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Just wondering what you guys do. I just started drawing and have a really bad teacher who likes to tear apart students' paintings and drawings in front of the whole class. On top of that, I just feel overwhelmed with art with so many branching paths and no clear or defined paths on how to improve. LIke with anything new, I get overwhelmed by everything and its seriously making my head spin. Just wondering how you guys deal with this and if you have any tips.
I understand why van gogh ripped up all his work...that's how i feel right now haha
"If it was easy, everyone would do it"
I break things down in little steps. Step back... take a deep breath and, first, realize that you are not going to be able to do everything immediately.
When I'm mountain biking, I always see a large hill and wonder how the heck I'm going to get up it. So, I just focus strictly on the area right in front of my tires, focus on it and then keep a consistent pace. Once in a while, I'll look up to make sure that I'm going in the right direction. Eventually, I realize ... I'm at the top of the hill.
Art is like that.
When I first started painting still lifes, like everything else, I was awful. They looked horrible. So, I took a step back. First, I simplified my still life. One simple object (an apple on a table). Once I got the basic shape of the apple right, then I took it to the next level... creating the values. Once I got my apple looking 3D, then next level... color. Once I got my apple to look like an apple, then the next level.... making it look real. Once I got that done, I added another apple.
What I find is that a lot of artists try too many difficult things right out of the box and then get frustrated. Simplification to learn the basics is the way to go.
This is just my opinion, but you don't need to be good at everything right off the hop. I think most artists develop a strong skill set in a certain area and then as they grow, their desire to try new things and experiment gives them the look of someone who is very skilled in a variety of areas.
Like Doug said, choose a path that you find satisfying and start working along that route slowly, trying to develop solid skills-- that way, the branching out that eventually happens is more natural and less daunting.
If I had to give my own example, well, I'm self taught right? I never had a art schooling to force me out of my comfort zone-- so for a long time, I just kept drawing valueless (as in, no shade or color) line art all the time. But as I got comfortable with that, I wanted to ink it, and when I got comfortable with that, I wanted to color it... before I knew it, I had a decent skill set to start moving forward with.
Two parts gin to one part vermouth.
Or in my case since alcohol doesn't really affect me, beat your head against a wall.
Amateur Artist. Professional Asshole.
Lookit the Pretty!
Rule #1 of depicting soldiers: KEEP THE DAMN FINGER OFF THE DAMN TRIGGER.
As a road cyclist who deals with a lot of large hills on a daily basis, I credit them for the majority of my perseverance.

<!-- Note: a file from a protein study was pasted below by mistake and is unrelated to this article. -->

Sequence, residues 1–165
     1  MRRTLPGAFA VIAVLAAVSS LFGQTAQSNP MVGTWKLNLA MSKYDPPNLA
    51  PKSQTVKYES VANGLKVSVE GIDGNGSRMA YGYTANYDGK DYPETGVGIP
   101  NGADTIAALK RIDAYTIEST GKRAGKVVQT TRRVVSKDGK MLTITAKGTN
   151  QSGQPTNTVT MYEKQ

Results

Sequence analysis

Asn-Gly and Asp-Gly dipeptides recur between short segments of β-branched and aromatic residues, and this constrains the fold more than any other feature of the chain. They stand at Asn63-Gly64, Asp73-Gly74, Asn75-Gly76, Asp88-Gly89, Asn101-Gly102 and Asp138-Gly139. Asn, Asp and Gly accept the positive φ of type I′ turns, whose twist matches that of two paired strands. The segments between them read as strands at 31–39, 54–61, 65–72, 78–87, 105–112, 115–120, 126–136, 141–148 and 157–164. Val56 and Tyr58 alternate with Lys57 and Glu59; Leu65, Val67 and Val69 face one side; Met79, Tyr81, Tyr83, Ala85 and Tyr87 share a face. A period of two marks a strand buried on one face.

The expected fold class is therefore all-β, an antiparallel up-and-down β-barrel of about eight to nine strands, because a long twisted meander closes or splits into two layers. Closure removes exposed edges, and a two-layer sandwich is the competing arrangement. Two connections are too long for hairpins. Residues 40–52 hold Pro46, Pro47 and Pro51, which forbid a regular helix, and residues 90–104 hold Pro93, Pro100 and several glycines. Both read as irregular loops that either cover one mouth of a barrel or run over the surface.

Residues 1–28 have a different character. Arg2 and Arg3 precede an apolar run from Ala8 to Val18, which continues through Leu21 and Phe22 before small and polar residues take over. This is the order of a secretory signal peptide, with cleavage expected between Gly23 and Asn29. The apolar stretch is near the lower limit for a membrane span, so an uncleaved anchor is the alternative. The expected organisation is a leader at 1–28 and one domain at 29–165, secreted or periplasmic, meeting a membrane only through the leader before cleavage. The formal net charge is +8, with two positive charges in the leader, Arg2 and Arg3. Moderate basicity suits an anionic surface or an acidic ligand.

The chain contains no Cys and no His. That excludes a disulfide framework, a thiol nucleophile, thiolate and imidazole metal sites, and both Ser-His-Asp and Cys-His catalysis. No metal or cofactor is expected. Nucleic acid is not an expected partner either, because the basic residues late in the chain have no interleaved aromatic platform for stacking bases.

I find two things work for me. If the subject is particularly challenging, but I can see myself getting closer, I'll just push through. However, if I find I am getting frustrated or generally not getting any closer, a short walk around the block always helps to come back to it with a fresh perspective.
Try tearing your own painting after he says he like it. Or I would make bad painting on metal plate and see what happens .
But seriously. I try to remind myself not to overthink stuff if it's not working. It's never really productive and I sometimes got a unnecessary headache from this. The problem usually solves in the next few days.
Last edited by Farvus; March 31st, 2011 at 04:20 PM.
I'm no expert but the thing that helps me out is to think of art in it's some basic components; line, value, texture, color, composition, and perspective. If I view my studies this way, it's much less daunting than thinking of "I gotta learn how to draw people, and then backgrounds, and then buildings, and then animals...OMG there ARE so MANY ANIMALS!" I'm not sure if that's your problem, but it's a common one that people seem to have.
When I go to practice, I select something that I am particularly weak at and do a study that revolves around that basic concept. I may go outside and draw plants to practice line and shapes or paint a self portrait with my lamp and mirror to practice value and color.
If you just learn the basics and then build upon your knowledge to tackle more complex things as you go, you'll end up being able to draw anything you would like with a bit of reference and time. Just take it slow.
Unfortunately this is another serious misconception...in part propagated by the "diversity" of modern art. There is actually a very clear, well understood path on how to improve, it's just that most people don't want to follow it. It has been well understood for 600 years. Of course there as many minor variations along that path as there are individuals walking it because each artist must take his own steps.
It all boils down to an understanding of the fundamentals and the ability to observe and tranlate them as accurately as you wish. Some people go to great lengths as in academic work - others learn enough and gain enough understanding and then strike out in their own directions, making their own statements and forms of expression.
IMO, and evidenced by artists over the last 600 years, the best way to gain an undertanding of the fundamentals is through study from life.